Lights, Vernon Gray, Other Odds, Ends


November 27, 1994|By KEVIN THOMAS

A while back, I wrote with skepticism about Howard County General Hospital's plan to put on an elaborate light show for the holidays at Symphony Woods. My fear at the time was that this event might end up being a tacky extravaganza that would detract from the elegance of Symphony Woods. My hope has always been that this downtown Columbia park would be better utilized, but also protected.

Well, now that the hospital's display is up and running, I would like to report that I have seen the light. Symphony Lights, that is -- an elaborate drive-through display of animated and stationary lights that is a 20-minute, eye-popping, extraordinary affair.

With toy soldiers shooting exploding cannonballs, swans gliding on a lake, ice-fishing penguins, candy canes and gingerbread houses, Symphony Lights reminds me most of my own childhood, when my parents would take me into downtown Washington at Christmas to see the animated displays in the big department store windows. But it is bigger -- my kids would say more awesome -- than that.

Hospital spokespeople aren't saying how many lights are involved, because patrons are being asked to guess the number. Let's just say that neighbor of yours who likes to outdo everyone when he decorates his house each year has met his match.

It is expensive. The hospital is charging $12 per car and $50 per bus at the gate on Broken Land Parkway. But $2 discounts are being offered at the hospital's gift shop, the Mall in Columbia and Rave Reviews Consignment Shop in the Hickory Ridge Village Center. But load up the car and enjoy this one. The proceeds will go to benefit the hospital's maternal child-care program.


On the political front, I was somewhat alarmed to hear that County Council Chairman C. Vernon Gray may be considering leaving the council soon. Mr. Gray, who was active in Governor-elect Parris Glendening's campaign and is a member of the transition team, is rumored to be in line for an appointed position in state government.

Because Mr. Gray was just re-elected to his fourth term, my first reaction was to wonder whether his constituents would feel cheated if he to depart. On reflection, however, I think Mr. Gray should pursue higher office now, while he has the opportunity. It would ultimately give him greater prominence and give the county an ally in high places. Also, who could really blame him?

He chose not to run for the county executive's seat this year, a position he has made no bones about aspiring to. And there is no guarantee that in four years he will be in a better position to seek that office.

With the Republicans assuming a majority on the council next year, Mr. Gray will for the first time be subjected to the indignity of minority status, where he had previously wielded so much power.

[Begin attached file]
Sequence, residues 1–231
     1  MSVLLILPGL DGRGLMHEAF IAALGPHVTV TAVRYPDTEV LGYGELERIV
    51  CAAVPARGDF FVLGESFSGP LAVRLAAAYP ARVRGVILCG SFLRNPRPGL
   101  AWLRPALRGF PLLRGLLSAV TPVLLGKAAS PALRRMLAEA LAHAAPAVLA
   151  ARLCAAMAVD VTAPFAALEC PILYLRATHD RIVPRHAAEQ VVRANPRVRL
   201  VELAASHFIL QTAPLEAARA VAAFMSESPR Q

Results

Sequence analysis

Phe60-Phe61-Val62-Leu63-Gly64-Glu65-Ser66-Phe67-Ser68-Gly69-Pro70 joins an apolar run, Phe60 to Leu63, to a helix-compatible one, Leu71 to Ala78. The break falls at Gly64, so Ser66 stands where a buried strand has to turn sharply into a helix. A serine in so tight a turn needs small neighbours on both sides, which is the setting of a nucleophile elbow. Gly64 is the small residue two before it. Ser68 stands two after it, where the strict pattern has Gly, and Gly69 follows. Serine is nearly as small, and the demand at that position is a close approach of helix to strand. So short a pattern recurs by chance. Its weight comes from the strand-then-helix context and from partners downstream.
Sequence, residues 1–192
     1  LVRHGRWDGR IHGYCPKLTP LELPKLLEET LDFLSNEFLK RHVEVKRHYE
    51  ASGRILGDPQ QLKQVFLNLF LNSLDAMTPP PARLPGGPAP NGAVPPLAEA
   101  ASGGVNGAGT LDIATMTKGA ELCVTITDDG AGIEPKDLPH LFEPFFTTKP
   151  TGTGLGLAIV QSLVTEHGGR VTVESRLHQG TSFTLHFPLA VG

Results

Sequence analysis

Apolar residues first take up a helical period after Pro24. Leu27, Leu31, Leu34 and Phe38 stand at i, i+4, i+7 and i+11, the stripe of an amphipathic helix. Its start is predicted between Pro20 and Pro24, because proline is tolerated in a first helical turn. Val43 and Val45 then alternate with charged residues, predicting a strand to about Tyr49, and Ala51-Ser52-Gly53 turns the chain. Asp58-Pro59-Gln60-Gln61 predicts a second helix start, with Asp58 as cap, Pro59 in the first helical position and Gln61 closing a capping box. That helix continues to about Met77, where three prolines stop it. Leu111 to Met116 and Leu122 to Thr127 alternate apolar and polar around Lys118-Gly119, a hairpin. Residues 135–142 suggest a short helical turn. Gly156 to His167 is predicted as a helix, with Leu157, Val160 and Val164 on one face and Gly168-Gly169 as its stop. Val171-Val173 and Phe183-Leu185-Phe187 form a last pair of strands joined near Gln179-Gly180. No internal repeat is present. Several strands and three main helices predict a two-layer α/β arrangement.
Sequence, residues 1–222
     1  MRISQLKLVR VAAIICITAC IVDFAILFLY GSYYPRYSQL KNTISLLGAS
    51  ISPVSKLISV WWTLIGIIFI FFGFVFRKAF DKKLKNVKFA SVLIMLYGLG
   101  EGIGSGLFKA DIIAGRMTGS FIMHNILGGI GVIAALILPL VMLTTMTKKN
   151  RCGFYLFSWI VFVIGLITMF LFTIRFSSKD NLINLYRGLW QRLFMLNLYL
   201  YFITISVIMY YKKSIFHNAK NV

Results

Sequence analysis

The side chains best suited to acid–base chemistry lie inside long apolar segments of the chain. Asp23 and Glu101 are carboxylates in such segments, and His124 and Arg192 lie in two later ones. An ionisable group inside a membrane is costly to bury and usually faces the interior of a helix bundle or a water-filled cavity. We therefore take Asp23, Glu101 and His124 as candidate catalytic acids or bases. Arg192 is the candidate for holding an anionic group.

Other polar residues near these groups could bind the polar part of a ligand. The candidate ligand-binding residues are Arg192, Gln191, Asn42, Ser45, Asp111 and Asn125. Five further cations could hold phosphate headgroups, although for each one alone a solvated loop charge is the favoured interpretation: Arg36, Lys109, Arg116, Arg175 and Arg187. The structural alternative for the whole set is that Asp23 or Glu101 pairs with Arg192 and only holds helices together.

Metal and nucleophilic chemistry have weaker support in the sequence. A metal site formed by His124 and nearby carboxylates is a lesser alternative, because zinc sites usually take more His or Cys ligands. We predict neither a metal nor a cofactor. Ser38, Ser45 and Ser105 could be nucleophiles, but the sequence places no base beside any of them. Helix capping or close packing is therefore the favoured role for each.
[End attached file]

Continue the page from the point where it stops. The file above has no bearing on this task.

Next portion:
Elsewhere in the county, the Board of Education last week approved new policies on how teachers and administrators can be transferred to other schools.

The policies, which mostly amount to restrictions placed on the superintendent in how he can manage his staff, are aimed at quelling a two-year-old controversy that occurred after 60 teachers and administrators were transferred to other schools in the same year.

The new rules require school officials to tell an administrator of an impending transfer by March 15 of the previous year, which would give the administrator a chance to transfer voluntarily. Parents and community members would be notified of the transfer 30 days before the end of the school year.

Principals are now required to tell teachers of an impending change by Feb. 15 of the previous year, with the notification being done in private and reasons given in writing. Teachers would also be allowed to transfer voluntarily.

I certainly understand the need to handle transfers humanely, and Superintendent Michael E. Hickey did act harshly when he conducted his mass transfers in 1992. But I can't help but think that the county's teachers union has once again come out on top on this one, and it's to the detriment of the system as a whole.

A nagging, almost insurmountable problem in public education is the strangle-hold of unions on the system. Bad teachers are too often accorded the same protection that should be reserved for those who deserve it. Administrators are discouraged from even attempting to build cases against incompetent personnel. The same is true for unprotected senior staffers who supervise unionized administrators.

It is one of those problems that, if it is not resolved, could mean that school reform is never going to occur. Of course, personnel should be told that they are being transferred as soon as possible and given the reasons why. But this policy, like others, is likely to discourage officials from initiating transfers for fear that, no matter how warranted, a protracted challenge will ensue.

Kevin Thomas is The Baltimore Sun's editorial writer in Howard County.

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